William Simpson went into college as an Aggie and came out as a Ram – and only he can claim credit for that change.
Simpson, now 85, attended the university from 1941 to 1946. During his time spent here, he majored in civil engineering, played on the basketball team as a scholarship player and postponed his education to fight in World War II. But his name will be immortalized in CSU record books as the man who named the ram.
Things were different for CSU in those days. CSU wasn’t yet a university, and instead donned the name the College of Agricultural and Mechanical Arts, or Colorado A&M for short. Students and sports teams were referred to as Aggies, and the school lacked a true mascot.
But the name of the game changed when the Collegian held a contest in search of a new mascot. Hundreds of entries were submitted, but only one was chosen.
“I didn’t think I would win,” Simpson said. “We all thought it’s time we got a mascot for the college, so we entered it. We’d go to games and the other schools had a mascot and we wouldn’t. It’s just a natural evolution.”
Simpson claims he found inspiration in his surroundings.
Fort Collins, predominately an agricultural town, was littered in sheep herds.
After debating between the Rams and the Mustangs, Simpson opted for the choice he thought fit Fort Collins and the college at the time, and a Ram was it.
As a prize, Simpson received a $25 war bond.
“It was like winning a lottery,” Simpson said. “I was like, ‘Oh my gosh, I won something.'”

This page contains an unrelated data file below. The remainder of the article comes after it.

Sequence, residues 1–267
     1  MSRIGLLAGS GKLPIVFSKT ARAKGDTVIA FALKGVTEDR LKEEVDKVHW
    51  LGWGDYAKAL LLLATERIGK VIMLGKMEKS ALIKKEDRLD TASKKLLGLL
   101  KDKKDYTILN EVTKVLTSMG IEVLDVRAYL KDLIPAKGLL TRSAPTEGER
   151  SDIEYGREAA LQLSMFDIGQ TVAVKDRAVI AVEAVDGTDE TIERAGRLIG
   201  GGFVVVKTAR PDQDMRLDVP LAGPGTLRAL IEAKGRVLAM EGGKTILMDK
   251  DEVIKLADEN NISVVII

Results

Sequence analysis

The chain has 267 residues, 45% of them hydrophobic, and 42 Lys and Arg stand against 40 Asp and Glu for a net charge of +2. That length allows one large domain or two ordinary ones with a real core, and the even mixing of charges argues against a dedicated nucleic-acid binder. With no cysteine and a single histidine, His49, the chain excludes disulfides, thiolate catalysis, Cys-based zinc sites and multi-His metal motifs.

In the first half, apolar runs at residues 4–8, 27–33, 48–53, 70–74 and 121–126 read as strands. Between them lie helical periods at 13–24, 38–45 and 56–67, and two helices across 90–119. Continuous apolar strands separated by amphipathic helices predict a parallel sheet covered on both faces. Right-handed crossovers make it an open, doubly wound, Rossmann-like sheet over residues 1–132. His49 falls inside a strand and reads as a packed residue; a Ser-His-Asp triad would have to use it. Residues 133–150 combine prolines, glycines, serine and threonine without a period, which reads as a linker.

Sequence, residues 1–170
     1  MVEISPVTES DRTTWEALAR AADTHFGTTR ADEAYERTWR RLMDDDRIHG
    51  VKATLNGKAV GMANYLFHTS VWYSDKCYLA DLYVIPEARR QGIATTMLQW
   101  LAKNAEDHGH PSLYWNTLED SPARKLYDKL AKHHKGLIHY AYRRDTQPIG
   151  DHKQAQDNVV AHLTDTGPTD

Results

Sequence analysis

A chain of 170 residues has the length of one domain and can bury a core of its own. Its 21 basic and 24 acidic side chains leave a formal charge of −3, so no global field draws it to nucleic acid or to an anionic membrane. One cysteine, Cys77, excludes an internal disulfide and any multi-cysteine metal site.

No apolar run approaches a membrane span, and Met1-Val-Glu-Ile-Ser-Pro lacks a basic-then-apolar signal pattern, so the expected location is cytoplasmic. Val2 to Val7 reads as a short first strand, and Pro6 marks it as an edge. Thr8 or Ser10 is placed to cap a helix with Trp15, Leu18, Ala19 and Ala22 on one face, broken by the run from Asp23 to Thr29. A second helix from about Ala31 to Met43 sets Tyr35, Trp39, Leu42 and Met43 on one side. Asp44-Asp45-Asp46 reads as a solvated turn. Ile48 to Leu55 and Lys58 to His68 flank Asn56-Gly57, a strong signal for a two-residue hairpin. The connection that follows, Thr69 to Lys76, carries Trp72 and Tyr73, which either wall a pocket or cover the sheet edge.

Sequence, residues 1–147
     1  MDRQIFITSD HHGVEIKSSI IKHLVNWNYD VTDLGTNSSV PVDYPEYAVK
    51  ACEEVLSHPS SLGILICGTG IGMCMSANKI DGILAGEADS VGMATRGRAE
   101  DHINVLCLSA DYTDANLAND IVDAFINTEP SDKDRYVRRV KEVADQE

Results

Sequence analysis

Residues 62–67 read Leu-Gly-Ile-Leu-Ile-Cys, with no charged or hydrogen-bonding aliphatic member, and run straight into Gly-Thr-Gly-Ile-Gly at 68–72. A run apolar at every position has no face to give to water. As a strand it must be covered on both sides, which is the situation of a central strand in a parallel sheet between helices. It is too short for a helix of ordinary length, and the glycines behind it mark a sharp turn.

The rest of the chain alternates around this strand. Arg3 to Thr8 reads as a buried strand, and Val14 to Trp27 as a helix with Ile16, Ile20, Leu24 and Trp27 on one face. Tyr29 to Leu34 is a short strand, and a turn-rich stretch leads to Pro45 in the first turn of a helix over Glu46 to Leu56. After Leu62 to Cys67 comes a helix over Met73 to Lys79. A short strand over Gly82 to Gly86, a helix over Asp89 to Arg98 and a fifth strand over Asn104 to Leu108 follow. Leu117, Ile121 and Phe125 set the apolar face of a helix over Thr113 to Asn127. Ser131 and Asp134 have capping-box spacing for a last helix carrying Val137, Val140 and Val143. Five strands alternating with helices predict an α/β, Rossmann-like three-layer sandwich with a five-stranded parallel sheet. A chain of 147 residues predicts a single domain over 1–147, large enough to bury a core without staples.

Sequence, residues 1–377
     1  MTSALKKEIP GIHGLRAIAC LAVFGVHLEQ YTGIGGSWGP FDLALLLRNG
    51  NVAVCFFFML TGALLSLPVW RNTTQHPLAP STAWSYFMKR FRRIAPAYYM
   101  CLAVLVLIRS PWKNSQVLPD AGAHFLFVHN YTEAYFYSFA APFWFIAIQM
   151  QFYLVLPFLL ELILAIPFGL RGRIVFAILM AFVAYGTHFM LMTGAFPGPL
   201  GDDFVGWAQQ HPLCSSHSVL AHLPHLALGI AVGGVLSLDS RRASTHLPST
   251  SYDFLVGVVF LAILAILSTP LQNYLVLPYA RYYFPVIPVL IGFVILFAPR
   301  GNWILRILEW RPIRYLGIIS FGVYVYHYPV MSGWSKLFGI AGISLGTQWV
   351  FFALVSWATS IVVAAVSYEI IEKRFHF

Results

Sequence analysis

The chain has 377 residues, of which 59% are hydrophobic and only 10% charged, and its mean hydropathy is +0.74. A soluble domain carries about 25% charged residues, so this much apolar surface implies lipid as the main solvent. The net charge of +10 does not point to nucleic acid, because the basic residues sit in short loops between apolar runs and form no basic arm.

After his graduation, Simpson, a California native, returned to his home state and settled in Newport Beach. He practiced structural engineering there for 50 years before moving north to Poulsbo, Wash., to retire and be with three of his four daughters.
He is still an avid sports fan and says he is enjoying his retirement, finding hobbies in lapidary work, tapestries and the banjo club.
He continues to practice engineering through odd jobs for members of his community.
Simpson has returned to CSU multiple times, many of those specifically for reunion events. His most recent trip was last July when he had a chance to visit the old gymnasium and the old engineering building – now a data processing center.
Simpson said revisiting Fort Collins was a bittersweet experience.
“It spoils your memories that it’s changed so much,” he said. “You remember how it was and the things that were familiar and pleasant for you; and you go back and they’re all gone – they’ve changed.”
When Simpson graduated, he said the college had about 2,500 students. Now, that number is more than 25,000. One thing remains the same, however, and that is the name students pride themselves on.
The specific naming of Cam the Ram was not Simpson’s doing, though. The name Cam holds historical significance as its letters were taken from the college’s prior name, Colorado A&M.
So what did the man behind the Ram think of the name bestowed upon his mascot?
Simpson, who did not recognize the name Cam, said he was “not too crazy about it.”
He added: “I’m sure I could improve on it if I worked on it awhile.”
Features managing editor Amanda Schank can be reached at email@example.com.